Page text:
2012 | 60 | 1 | 2-25
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The Luxembourg Residence at Prague Castle, the Bohemian Coronation Order and the appartement in the 14th century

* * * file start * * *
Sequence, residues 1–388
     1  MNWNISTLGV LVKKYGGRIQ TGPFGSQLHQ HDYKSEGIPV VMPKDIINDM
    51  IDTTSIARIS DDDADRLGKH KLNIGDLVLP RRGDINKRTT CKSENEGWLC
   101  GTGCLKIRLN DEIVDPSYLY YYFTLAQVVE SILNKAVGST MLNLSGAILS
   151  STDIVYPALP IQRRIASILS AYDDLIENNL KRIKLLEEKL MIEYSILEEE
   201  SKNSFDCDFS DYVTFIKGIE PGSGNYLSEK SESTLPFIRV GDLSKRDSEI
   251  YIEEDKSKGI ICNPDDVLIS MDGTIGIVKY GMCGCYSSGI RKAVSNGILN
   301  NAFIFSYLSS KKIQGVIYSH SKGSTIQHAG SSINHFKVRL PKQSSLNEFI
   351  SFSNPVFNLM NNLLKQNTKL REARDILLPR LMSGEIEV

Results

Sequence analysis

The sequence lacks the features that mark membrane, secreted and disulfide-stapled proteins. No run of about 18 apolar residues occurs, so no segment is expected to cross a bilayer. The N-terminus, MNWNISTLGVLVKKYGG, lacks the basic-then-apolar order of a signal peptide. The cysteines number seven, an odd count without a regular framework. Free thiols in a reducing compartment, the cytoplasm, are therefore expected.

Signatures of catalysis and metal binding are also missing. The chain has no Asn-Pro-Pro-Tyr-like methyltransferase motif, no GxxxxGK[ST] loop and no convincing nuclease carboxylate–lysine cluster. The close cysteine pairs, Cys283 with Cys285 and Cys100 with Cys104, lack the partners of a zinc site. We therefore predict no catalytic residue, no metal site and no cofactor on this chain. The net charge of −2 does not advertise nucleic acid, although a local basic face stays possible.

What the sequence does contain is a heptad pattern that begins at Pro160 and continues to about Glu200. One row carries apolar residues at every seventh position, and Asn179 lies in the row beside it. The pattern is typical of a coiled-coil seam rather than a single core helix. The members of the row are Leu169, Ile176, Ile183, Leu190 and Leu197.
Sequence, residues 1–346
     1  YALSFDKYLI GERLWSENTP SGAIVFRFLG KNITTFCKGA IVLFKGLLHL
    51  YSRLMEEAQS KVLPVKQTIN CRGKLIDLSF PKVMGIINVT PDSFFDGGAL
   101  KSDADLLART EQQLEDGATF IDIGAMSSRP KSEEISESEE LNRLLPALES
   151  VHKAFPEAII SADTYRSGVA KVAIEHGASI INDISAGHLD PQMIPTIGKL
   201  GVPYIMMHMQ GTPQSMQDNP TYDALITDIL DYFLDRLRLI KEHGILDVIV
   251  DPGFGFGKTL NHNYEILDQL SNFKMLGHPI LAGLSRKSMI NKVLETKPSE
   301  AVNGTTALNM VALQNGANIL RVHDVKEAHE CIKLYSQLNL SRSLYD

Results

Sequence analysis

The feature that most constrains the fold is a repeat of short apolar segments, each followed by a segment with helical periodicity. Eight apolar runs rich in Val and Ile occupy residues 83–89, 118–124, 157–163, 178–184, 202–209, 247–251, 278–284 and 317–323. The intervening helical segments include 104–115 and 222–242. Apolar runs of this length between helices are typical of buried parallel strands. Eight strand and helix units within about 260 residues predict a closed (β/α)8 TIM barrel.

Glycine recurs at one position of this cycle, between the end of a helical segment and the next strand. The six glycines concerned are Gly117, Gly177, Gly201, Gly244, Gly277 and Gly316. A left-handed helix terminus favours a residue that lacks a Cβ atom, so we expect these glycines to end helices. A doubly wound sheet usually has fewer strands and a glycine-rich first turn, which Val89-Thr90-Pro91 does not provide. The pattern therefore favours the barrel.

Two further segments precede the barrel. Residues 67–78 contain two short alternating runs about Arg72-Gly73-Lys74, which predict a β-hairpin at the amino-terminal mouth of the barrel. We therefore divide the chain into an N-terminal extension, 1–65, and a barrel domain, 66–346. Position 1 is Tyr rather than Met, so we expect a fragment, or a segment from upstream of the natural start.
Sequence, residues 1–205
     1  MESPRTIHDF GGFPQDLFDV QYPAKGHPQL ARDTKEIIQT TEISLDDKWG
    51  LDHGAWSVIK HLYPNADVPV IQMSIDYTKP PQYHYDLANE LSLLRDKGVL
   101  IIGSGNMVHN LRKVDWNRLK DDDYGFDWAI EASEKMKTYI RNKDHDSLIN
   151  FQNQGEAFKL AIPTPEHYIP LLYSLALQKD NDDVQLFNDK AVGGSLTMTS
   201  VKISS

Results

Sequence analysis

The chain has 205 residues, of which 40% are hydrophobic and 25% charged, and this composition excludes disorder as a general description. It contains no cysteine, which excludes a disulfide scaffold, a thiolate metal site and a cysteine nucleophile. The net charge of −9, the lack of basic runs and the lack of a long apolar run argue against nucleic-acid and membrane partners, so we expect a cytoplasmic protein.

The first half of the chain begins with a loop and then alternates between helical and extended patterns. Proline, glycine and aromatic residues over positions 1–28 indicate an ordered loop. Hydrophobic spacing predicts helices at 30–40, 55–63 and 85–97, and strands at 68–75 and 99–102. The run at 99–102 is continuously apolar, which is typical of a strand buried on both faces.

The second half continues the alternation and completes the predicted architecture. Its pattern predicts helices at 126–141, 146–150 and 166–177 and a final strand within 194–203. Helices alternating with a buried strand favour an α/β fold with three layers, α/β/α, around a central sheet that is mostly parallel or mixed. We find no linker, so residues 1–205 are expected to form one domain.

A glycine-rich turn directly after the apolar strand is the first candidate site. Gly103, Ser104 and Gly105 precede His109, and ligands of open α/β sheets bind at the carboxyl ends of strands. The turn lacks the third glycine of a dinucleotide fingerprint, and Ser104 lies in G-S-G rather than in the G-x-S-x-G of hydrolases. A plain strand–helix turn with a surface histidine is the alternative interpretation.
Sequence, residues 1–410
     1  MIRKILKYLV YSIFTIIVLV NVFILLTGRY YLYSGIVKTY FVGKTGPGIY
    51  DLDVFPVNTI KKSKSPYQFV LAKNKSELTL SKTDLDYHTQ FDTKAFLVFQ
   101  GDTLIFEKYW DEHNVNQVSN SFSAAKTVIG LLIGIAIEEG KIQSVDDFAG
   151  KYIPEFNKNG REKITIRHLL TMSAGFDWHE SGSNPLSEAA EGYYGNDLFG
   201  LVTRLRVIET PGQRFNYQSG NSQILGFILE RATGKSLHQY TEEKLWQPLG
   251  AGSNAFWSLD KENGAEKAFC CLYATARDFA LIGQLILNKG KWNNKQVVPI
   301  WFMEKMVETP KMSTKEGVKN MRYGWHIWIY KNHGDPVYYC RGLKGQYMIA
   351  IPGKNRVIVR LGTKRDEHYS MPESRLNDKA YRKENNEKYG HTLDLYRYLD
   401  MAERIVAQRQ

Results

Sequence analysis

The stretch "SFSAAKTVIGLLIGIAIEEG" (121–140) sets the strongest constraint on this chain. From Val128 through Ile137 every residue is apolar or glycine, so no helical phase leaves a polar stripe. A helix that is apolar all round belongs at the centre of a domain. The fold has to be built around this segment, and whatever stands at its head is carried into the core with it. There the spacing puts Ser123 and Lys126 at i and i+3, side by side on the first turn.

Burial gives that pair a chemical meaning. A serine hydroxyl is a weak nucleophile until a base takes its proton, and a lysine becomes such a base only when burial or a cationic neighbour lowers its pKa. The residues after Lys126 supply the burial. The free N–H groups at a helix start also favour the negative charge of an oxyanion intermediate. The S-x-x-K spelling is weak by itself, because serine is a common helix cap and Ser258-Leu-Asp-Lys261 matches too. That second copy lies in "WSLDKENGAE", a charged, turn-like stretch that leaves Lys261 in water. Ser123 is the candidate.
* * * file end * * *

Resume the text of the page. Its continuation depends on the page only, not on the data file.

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It is well established in the literature what function the architecture of the royal residence in Prague played structurally and stylistically in the city's urban layout and what its significance was in the concept of rule applied by Charles IV, but the relation between these two aspects has never been studied. Nor has the use of the residence's individual spatial units. Based on stratigraphic measurements, and an analysis of the coronation order (Ordo ad coronandum) the main floor of the residence can be reconstructed as follows: the piano nobile was divided into two parts, each with a different function, one representative (sala Regia) and the other private, and the latter included the privatissima, the bedroom (thalamus), an antechamber (;anticamera), and other rooms, including the studiolo. Alongside this spatial composition - appartement - were the liturgical spaces, the Chapel of the Virgin Mary at the south end of the hall and the Chapel of All Saints on the east side. The site's spatial arrangement mirrors the layout of the Papal residence of Benedict XII in Avignon, with two wings adjoining the main hall and with the addition of the liturgical spaces and the studiolo. The concept for the Luxembourg residence in Prague, came from Bishop Jan of Dražice, who was very familiar with the Papal setting and is documented as having introduced the Avignon norms of art into Bohemia. The Prague residence - although as a castle building it de facto represented an outdated type of structure - served as a metaphor for the emergent identity of the territorial ruler as sovereign and the contemporary political situation, in an environment that was shaped by the historical consciousness of the Bohemian nobility and above all by the de facto assertion of their traditional rights. Rule by a Luxembourg dynasty, previously alien to Bohemia and only unwillingly accepted by the provincial elites, was buttressed by ceremony and articulated through an exactly calculated purposeful architecture. The revitalisation of the royal palace provides evidence of the prospective side of Luxembourg rule and can therefore be understood as a unique source through which to examine the dynamically changing dynastic self-representation based on territorial and dynastic tradition.
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